Accusations of disloyalty were particularly acute for Okinawans in Hawai‘i who were still considered aliens until the McCarran-Walter Immigration and Nationality Act of 1952. During World War II the Office of Strategic Services estimated that officials incarcerated approximately 200 Okinawans (Tozzer, 60).65 Initial organizing efforts by the UOA were also hindered by the questioning of several Association leaders by officials from the Immigration and Naturalization Service for alleged communist sympathies. Although nothing resulted from these inquiries, Ruth Adaniya notes, “Rumors of communist influences spread.”66 Officials accused International Longshore and Warehouse Union (ILWU) leaders with Okinawan ties, such as Tom Yagi, of communist sympathies, and although he recalled the “hardship and embarrassment” placed upon him and his family, he and 38 others who became known as the “Reluctant 39” took the Fifth Amendment as a matter of principle (Uchinanchu, 229).67 Thus, official declarations of loyalty to the United States stated in the founding resolutions of the UOA were designed not only to deflect communist accusations against the leaders but also to reflect the role of the UOA in Okinawan American relations during the Cold War.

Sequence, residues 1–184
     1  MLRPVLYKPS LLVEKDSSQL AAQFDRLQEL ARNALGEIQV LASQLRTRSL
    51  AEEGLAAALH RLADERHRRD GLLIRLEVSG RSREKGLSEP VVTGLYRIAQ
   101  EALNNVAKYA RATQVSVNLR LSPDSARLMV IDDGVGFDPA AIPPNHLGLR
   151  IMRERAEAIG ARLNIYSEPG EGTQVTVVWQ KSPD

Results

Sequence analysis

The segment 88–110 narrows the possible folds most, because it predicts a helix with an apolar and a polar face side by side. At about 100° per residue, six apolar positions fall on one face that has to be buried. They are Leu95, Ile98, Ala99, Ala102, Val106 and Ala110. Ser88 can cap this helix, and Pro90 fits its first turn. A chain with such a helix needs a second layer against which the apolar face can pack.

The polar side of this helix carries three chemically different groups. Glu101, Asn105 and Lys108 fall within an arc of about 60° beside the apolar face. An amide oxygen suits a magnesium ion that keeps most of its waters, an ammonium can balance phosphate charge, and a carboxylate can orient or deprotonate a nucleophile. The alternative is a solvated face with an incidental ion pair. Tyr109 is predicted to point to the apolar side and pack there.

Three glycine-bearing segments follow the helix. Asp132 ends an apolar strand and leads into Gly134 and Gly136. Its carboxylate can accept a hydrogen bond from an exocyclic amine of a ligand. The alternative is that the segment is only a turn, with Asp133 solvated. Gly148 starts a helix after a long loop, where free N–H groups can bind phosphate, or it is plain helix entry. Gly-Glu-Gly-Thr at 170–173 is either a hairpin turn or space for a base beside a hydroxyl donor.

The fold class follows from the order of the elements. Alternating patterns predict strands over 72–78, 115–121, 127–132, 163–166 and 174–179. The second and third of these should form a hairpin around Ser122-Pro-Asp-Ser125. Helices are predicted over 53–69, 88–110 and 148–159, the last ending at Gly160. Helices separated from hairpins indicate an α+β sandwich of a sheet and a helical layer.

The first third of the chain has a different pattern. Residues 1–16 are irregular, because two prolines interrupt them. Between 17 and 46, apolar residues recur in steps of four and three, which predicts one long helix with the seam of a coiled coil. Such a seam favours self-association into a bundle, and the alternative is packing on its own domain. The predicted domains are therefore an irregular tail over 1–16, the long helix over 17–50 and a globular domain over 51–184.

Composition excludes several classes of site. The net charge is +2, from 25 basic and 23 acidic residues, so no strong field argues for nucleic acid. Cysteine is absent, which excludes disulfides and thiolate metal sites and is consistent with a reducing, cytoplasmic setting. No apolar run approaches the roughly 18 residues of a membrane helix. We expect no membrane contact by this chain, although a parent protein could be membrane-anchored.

In its capacity as the representative of Okinawans in Hawai‘i, the UOA was important in such programs as the Hawai‘i-Okinawa Farm Youth Training Program started in 1953 that brought trainees from Okinawa to work and live for six months with farmers in Hawai‘i (Hawaii Tribune-Herald, 1965, p. 5).68 Of particular significance is the Hawai‘i-Okinawa Friendship Mission, which was started in 1959 as a way to foster better relations between Americans and the people of Okinawa. The Civil Affairs Section (G-5) of the US Army Pacific, Fort Shafter, in Hawai‘i recognized that Okinawans in Hawai‘i would be suitable goodwill intermediaries since “they were American citizens who knew the language of Okinawan people and shared with them the same ethnic background.”69 The program proved successful as evidenced by the U.S. Army’s expansion of the Friendship Mission to include Japan, Korea, Taiwan, the Philippines, and other countries with an American presence. Thus, the relationship established among the U.S. military, the UOA, and occupation authorities helped to formalize transnational ties between the Okinawan community in Hawai‘i and their ancestral homeland of Okinawa through a common history of war and occupation (Ueunten, 2007, p. 57).70

The Question of Reversion within the Okinawan Community in Hawai‘i

While UOA representatives welcomed officials, students, and dignitaries from Okinawa, the question of the status of Okinawa and its reversion to Japan was one of great debate within the Okinawan community in Hawai‘i in the postwar period. According to Mitsugu Sakihara, many believed that “it would be in the best interest of Okinawa to become a U.S. territory” due to many Issei recalling their early life in poverty in Okinawa, stories of the benefits of U.S. occupation, and the Nisei’s embrace of Americanization (Sakihara, 1981, p. 117).71 Casting doubts about American control over Okinawa were individuals such as the Reverend Jikai Yamasato of the Jikoen Hongwanji where donations for relief efforts were collected as well as Dr. Minoru Shinoda, Assistant Professor of History at the University of Hawai‘i at Mānoa.72